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Yavapai Observation Station to close for rehabilitation and installation of exhibits

Grand Canyon National Park

National Park News

Grand Canyon, AZ – Yavapai Observation Station, located on the South Rim of Grand Canyon National Park near Mather Point, will close after Labor Day so construction crews can begin rehabilitation of the building.
Yavapai Observation Station currently contains temporary exhibits about the fossil record at Grand Canyon and features wonderful views from large panoramic windows. Educational materials about the park and region are sold in the non-profit bookstore operated by the Grand Canyon Association.
Yavapai Observation Station was originally built in 1928 for the purpose of observing and understanding the geology of the Grand Canyon. It is one of the earliest park museums and is of national significance in National Park Service (NPS) architecture and interpretation. The approximately 3,000 square foot building is included on the NPS List of Classified Structures and was listed on the National Register of Historic Places in 1990. The building is considered eligible for listing as a National Historic Landmark.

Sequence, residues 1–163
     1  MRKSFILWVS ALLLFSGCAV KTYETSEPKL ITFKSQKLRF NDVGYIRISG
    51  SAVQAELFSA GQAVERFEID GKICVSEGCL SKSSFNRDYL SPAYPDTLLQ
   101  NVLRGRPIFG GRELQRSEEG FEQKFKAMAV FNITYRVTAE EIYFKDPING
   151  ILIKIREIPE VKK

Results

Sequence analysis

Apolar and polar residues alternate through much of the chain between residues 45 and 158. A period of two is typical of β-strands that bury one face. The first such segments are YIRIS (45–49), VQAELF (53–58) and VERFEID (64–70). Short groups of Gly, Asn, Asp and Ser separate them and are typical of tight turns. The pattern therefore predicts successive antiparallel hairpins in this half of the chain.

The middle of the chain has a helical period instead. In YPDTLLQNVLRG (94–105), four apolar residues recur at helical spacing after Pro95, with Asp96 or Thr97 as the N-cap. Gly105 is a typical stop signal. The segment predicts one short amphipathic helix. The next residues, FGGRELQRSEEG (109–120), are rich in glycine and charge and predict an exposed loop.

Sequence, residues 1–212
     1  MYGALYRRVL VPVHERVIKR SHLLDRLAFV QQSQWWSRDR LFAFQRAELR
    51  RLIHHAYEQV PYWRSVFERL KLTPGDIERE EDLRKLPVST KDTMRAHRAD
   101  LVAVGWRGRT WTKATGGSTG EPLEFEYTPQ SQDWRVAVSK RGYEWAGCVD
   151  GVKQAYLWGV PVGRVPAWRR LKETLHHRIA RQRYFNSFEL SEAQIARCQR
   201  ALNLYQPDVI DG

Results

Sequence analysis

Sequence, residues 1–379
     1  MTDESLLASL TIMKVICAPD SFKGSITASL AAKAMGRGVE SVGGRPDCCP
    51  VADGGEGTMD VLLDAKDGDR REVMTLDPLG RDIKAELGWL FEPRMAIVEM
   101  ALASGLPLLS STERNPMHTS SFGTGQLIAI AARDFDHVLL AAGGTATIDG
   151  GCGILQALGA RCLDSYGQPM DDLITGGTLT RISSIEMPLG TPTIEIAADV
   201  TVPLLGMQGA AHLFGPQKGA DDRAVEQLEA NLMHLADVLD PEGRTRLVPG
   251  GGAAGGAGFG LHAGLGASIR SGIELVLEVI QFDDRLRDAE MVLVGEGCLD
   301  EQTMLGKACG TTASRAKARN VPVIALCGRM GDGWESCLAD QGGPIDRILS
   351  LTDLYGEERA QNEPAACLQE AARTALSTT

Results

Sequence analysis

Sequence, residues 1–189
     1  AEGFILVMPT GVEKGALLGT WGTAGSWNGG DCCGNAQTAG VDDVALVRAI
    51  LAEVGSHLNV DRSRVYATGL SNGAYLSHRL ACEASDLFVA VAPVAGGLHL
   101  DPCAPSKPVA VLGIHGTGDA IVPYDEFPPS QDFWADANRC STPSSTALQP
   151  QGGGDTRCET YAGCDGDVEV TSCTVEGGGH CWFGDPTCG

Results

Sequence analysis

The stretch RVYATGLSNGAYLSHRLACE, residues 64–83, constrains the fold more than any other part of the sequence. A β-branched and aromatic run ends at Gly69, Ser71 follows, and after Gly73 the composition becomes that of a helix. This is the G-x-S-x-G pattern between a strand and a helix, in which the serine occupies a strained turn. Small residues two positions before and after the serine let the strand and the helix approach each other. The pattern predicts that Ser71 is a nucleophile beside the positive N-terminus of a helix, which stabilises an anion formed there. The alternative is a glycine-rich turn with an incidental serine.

In accordance with the Park’s 1995 General Management Plan, Yavapai is being returned to a museum that will focus on geology, physiography and related themes.
Rehabilitation of the building will occur in two phases. The first phase will include a new roof, an updated heating and cooling system, sprinklers and other items to enhance public safety, as well as stabilization of the historic structure. The construction phase is expected to be completed by early June of 2006. Once phase one is completed the building will reopen for park visitors to once again view the canyon from its large panoramic windows.
The second phase of this project will include the installation of new interpretive exhibits. The new exhibits and small bookstore are scheduled to be installed in March 2007 in time for the busy summer season.
Once Yavapai closes for rehabilitation, the area will be closed to buses, commercial vehicles, and vehicles over 22 feet in length. When Yavapai reopens in summer 2006, these restrictions will remain in place. With the installation of new interpretive exhibits, the facility will no longer accommodate the large groups associated with commercial tours and buses.
Commercial buses are encouraged to park at Canyon View Information Plaza (CVIP) as the alternative to Yavapai Point. CVIP was constructed to accommodate large groups and offers two large restroom facilities, a Visitor Center staffed by park naturalists, a large bookstore, and is located a short distance from scenic Mather Point.
-NPS-



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